C. The Post-Hearing Processes. The respondent may file an application for rehearing within twenty (20) calendar days after entry of the ACC’s decision or order. A.R.S. §§ 44-1974, 44-3214. But see A.A.C. R14-3-112(A) (“Except as provided in subsection (G), any party in a contested case before the Commission arising out of Title 10 or 44 of Arizona Revised Statutes, who is aggrieved by a decision rendered in such case may file with the Commission, not later than ten days after service of the decision, a written application for rehearing or review of the decision specifying the particular grounds therefor.”). Unless otherwise ordered, filing an application for rehearing does not stay the ACC’s decision or order, and the respondent must comply with it. A.R.S. §§ 44-1974, 44-3214. A rehearing may be granted for any of the following causes materially affecting the moving party’s rights: (1) irregularity in the proceedings before ACC or any order or abuse of discretion, whereby the moving party was deprived of a fair hearing; (2) misconduct of the ACC, its staff or its hearing officer, or the prevailing party; (3) accident or surprise that could not have been prevented by ordinary prudence; (4) newly discovered material evidence that could not with reasonable diligence have been discovered and produced at the original hearing; (5) excessive or insufficient penalties; (6) error in the admission or rejection of evidence, or other errors of law occurring at the hearing; and (7) that the decision is not justified by the evidence or is contrary to law. A.A.C. R14-3-112(C). If the ACC does not grant a rehearing within twenty (20) calendar days of receipt, the application is deemed denied. A.R.S. §§ 44-1974, 44-3214. See also § 41-1062(B).
The respondent may also appeal the ACC’s decision to the Maricopa County Superior Court pursuant to A.R.S. §§ 44-1981 and/or 44-3231, and those appeals are governed by A.R.S. § 12-901, et seq. In order to appeal, the respondent must file its complaint in the Maricopa County Superior Court within 35 days of service of the ACC’s decision. A.R.S. § 12-904(A). See also A.R.S. § 12-909(A) (requirements for complaint). Within ten (10) days after filing the complaint, the respondent must also file a notice of action with the ACC, who will then transmit the record to the court. Id.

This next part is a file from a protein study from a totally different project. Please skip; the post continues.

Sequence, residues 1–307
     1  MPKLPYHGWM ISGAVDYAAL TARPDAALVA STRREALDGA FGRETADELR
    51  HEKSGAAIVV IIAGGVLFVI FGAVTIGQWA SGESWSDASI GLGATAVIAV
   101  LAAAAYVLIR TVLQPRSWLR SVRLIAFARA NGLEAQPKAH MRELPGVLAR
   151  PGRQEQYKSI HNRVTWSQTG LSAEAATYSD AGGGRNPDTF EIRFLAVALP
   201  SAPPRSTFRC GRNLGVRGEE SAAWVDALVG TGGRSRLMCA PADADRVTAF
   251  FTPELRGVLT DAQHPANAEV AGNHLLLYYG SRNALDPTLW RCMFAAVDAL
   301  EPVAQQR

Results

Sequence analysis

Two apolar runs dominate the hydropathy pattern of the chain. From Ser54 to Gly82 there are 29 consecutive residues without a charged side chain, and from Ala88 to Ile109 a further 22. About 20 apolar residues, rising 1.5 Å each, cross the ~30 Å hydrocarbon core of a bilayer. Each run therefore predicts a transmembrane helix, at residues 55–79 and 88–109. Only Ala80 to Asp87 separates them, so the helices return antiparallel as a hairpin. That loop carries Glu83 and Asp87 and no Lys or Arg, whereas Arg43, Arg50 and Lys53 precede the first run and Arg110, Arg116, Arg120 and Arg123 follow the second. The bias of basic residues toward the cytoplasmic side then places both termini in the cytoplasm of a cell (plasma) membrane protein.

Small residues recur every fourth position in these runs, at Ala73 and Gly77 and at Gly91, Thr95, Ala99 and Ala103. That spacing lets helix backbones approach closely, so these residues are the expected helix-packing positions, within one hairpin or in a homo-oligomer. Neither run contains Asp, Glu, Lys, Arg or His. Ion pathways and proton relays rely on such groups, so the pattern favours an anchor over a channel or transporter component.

Within twenty (20) days after service of the summons and complaint, the ACC and all other defendants must answer the complaint. A.R.S. § 12-907. The Rules of Procedure for Judicial Review of Administrative Decisions will apply to the case.
The superior court has broad powers with such an appeal. See A.R.S. § 12-911. The superior court’s review is limited as “[t]he court shall affirm the agency action unless after reviewing the administrative record and supplementing evidence presented at the evidentiary hearing the court concludes that the action is not supported by substantial evidence, is contrary to law, is arbitrary and capricious or is an abuse of discretion.” Id.
§ 12-910(E). However, the court must conduct a de novo review of the ACC’s application and interpretation of law. Ariz. Health Care Cost Containment Sys. Admin. v. Carondelet Health Sys.
, 188 Ariz. 266, 269, 935 P.2d 844, 847 (Ct. App. 1996).
If the respondent loses, the court may award the ACC its costs in a reasonable amount based upon the expense the ACC incurred in preparing the trial record. A.R.S. § 12-912. However, if the respondent prevails, he or she is entitled to an award of his or her fees and other expenses, which may include the attorneys’ fees incurred during both the appeal as well as the original ACC proceeding. See A.R.S. § 12-348(A)(2), (I).
Based upon the foregoing, it is clear that an investigation or administration action brought by the ACC can be a very technical, tedious and time-consuming process, as well as an overwhelming and intimidating process given the ACC’s broad powers and employment of both the hearing prosecutor and officer.
An attorney specializing in securities matters will be able to provide a respondent with the proper legal advice and competent representation during the ACC investigation and action, and ensure compliance with the process and all of the procedural requirements.
If you have received a Subpoena or Notice of Opportunity for Hearing, feel free to contact Robert Mitchell at email@example.com
or at (602) 452-2730 to arrange a consultation to review the ACC’s claims and your potential defenses.
Robert Mitchell is widely respected among Phoenix securities attorneys and for more than two decades has been representing parties named in Arizona Securities Division administrative cases.